Jonah Goldberg

My wife and I took our dog to the neurologist the other day. Yes, the neurologist. For a dog.

I'm sure it sounds extravagant, but Cosmo had been having unexplained seizures, so we took him in for an MRI and a spinal tap after a batch of the normal, cheaper tests.

He's a handsome dog, but he's built like an old East German car. When he was barely a year old, he came up lame in his front right leg. The vets had to cut the bone in two, insert a long metal pin and then snap it all back in place. At the time, the surgeon suggested that we might avoid the expense by simply "returning" him to the animal shelter, which in canine terms would be like returning a dissident to North Korea.

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Since then, Coz has had surgeries on both of his back legs and a bunch of other, lesser procedures stemming from the rough-and-tumble of doggy life. We've stopped counting, but I'm sure we've spent more than the trade-in value of several cash-for-clunker Buicks.

But despite all the hassle and expense, we never regret the expenditures.

Now, given the debate in Washington, it's at this point where I might be expected to pivot to some incisive -- or perhaps insipid -- argument about human-versus-animal medical care. After all, I understand why insurers wouldn't cover Cosmo, given his many pre-existing conditions. And while I firmly believe reformers could learn a lot from the world of animal medicine, where timely and effective services are provided without benefit of giant bureaucracies, that's another column.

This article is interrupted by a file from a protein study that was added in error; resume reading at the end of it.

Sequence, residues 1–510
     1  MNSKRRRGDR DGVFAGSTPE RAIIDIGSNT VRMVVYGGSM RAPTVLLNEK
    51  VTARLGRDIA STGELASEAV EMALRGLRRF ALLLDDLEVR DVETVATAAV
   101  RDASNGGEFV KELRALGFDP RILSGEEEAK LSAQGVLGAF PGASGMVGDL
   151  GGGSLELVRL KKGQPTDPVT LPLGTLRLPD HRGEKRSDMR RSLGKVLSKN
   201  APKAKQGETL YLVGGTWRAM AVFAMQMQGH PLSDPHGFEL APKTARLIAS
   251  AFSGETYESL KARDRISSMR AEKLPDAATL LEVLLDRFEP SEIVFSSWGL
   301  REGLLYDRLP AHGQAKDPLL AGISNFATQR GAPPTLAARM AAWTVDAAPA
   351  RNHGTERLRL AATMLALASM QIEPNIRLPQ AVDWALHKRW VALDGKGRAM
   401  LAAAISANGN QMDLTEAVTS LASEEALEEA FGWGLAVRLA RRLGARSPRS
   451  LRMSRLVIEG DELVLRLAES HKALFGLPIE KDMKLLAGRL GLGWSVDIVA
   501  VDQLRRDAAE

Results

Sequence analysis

More interesting to me is the reaction from liberals. As one friend put it: How does a staunch conservative end up taking his dog to the neurologist? Liberal bleeding hearts are supposed to do this sort of thing, not the hardhearted Scrooges of the right. We like war and shooting fur-bearing creatures and cutting budgets for agencies that remove thorns from kittens' paws.

I understand the stereotype, and it surely exists for a reason. But the truth is that ideology has little to do with it. The wonderful thing about dogs -- and yes, cats too, I suppose -- is that they are beyond the reach of ideology. Not only does affection for dogs have no significant correlation to politics, but politics holds no interest whatsoever to dogs.

Jonah Goldberg

Jonah Goldberg is editor-at-large of National Review Online,and the author of the book The Tyranny of Clichés. You can reach him via Twitter @JonahNRO.
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